The more significant concern at outdoor ranges is the exposure to lead from picking up spent brass after shooting activities have ceased. Make good use of the range equipment, shovels, brooms, brushes, and brass pickers to avoid a lot of handling. Wear gloves when no equipment is available, and brass needs to be picked up by hand. If a ballcap or other hat or garment was used for collection, be sure to wash that garment as soon as you get home!
STOP! Don’t eat that sandwich!
Lead exposure through ingestion does not imply shooters are chewing on bullets. The residue left on our skin from handling firearms, ammunition, and touching surfaces of the range, can be transferred onto our food and beverage bottles and thus consumed if not first washed away. Before snacking or hydrating, it is vital to cleanse your hands of lead. Most indoor ranges offer a hand washing station or restroom with heavy metal removing soap to wash the hands. Outdoor ranges without running water may not be so well outfitted, and it may be up to the participant to bring their own supplies. LeadOff wet wipes by Hygenall are convenient and effective for on-the-go lead removal.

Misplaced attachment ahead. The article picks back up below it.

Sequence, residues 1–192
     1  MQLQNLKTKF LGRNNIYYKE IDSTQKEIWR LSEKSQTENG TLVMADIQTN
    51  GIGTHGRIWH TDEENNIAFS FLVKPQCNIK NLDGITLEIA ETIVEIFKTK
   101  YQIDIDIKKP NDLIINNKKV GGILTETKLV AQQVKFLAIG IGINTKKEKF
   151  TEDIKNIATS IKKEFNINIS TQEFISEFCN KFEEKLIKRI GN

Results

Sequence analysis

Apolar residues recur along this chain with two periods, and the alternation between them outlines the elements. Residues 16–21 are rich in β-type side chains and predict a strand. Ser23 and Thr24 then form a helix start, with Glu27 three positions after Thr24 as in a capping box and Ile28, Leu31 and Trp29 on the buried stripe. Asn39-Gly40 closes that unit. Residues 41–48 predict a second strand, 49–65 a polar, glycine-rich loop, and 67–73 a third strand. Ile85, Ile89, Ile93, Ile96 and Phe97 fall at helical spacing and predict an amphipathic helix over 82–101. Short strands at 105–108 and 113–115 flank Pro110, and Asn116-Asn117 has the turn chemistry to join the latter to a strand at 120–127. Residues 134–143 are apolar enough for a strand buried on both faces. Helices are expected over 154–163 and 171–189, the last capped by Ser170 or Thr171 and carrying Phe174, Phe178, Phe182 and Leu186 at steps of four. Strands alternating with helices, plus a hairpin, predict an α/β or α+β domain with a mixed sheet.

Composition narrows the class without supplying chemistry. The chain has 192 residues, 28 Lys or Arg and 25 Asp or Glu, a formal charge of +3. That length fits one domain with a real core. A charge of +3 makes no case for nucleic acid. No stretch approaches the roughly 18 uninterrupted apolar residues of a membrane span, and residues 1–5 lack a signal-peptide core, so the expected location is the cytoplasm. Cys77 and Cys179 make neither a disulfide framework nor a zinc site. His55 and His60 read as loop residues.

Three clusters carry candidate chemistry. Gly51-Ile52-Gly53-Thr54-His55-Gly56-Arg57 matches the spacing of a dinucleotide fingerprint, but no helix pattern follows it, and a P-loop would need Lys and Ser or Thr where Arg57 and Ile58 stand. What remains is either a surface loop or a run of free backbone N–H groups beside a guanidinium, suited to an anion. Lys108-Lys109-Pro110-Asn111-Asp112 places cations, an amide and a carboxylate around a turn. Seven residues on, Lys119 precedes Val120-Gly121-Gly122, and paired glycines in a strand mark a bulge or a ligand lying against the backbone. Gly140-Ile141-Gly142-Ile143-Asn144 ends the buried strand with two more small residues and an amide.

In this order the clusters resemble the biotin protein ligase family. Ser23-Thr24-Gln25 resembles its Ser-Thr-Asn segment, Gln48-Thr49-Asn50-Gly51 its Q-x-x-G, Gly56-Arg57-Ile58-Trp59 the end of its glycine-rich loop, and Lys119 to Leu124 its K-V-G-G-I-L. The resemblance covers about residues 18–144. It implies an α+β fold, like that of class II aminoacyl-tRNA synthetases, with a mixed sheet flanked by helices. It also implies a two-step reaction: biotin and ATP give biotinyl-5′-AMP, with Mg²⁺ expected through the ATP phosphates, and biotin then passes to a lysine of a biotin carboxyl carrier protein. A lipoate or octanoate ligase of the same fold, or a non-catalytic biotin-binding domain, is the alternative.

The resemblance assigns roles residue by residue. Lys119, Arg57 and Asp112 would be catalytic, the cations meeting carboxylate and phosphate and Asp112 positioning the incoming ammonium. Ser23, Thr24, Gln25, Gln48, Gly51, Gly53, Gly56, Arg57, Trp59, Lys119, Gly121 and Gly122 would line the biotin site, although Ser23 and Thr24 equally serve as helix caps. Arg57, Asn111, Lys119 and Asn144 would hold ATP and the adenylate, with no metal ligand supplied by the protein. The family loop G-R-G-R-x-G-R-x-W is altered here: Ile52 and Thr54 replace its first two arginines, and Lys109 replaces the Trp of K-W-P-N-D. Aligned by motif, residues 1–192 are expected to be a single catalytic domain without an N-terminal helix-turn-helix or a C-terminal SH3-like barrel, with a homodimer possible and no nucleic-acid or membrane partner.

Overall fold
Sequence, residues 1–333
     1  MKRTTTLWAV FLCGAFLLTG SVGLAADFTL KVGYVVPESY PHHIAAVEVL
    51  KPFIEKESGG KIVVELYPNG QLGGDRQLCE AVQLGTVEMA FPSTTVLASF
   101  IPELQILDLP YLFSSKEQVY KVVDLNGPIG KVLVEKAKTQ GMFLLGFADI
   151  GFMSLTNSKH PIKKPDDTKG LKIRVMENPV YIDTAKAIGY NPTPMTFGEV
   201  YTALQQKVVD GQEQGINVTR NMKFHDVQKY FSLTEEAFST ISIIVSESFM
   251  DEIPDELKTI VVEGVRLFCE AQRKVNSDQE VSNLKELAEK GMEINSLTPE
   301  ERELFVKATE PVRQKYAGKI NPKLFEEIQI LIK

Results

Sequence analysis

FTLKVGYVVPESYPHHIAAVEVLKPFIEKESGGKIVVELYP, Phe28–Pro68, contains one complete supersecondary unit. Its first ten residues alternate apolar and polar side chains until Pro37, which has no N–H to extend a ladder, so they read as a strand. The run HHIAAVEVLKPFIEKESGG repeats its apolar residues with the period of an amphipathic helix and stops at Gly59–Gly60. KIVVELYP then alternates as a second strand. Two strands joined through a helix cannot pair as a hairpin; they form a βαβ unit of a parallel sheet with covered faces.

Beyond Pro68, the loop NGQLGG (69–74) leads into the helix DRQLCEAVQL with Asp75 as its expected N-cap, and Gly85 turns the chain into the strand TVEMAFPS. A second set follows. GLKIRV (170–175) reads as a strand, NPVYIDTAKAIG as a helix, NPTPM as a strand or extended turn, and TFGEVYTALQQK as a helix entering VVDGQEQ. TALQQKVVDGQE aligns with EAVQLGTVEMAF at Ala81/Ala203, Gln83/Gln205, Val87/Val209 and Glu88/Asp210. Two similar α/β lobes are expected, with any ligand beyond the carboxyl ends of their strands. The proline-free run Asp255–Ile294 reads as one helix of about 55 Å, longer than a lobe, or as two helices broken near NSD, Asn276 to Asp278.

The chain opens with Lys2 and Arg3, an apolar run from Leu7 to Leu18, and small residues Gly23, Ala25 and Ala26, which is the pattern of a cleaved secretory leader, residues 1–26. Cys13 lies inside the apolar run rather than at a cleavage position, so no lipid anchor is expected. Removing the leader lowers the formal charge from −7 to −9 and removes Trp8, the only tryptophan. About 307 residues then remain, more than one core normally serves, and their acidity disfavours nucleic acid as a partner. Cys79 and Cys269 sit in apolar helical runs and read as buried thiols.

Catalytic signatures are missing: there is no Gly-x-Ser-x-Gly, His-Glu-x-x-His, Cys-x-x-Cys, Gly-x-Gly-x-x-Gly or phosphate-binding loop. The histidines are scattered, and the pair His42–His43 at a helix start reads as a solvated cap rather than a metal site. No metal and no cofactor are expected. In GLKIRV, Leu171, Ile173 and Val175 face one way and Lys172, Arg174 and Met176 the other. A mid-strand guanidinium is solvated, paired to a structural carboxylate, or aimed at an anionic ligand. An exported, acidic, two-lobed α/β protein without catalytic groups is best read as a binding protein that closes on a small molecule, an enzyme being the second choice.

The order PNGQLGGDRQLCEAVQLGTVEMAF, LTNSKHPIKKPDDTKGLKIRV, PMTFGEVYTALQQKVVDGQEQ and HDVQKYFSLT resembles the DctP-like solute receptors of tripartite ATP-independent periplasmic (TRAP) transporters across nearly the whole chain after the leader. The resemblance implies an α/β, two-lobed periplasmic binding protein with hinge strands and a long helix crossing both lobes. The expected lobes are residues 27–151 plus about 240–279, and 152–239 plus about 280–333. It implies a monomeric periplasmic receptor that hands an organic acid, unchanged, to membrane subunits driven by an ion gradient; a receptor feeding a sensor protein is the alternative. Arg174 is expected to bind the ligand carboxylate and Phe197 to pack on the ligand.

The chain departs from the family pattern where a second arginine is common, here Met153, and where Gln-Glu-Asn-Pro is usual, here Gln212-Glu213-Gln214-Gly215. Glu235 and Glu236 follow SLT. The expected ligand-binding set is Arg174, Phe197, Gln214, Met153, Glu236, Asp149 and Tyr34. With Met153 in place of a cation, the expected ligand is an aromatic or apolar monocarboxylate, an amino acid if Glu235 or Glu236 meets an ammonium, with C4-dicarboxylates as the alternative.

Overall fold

For some shooters cleaning their guns is a tedious chore, while for others, it is a zen moment of meditation or gun nerdy glee. Either way, while cleaning your firearm, precautions should be taken specifically to minimize lead contamination to both yourself and your environment.
- Preparing your space is key! Setting up outside is optimal, but if that is not an option, select a well-ventilated room. Cleaning guns at the dining table may seem like a good idea; however, opt for a location away from living spaces or food preparation areas.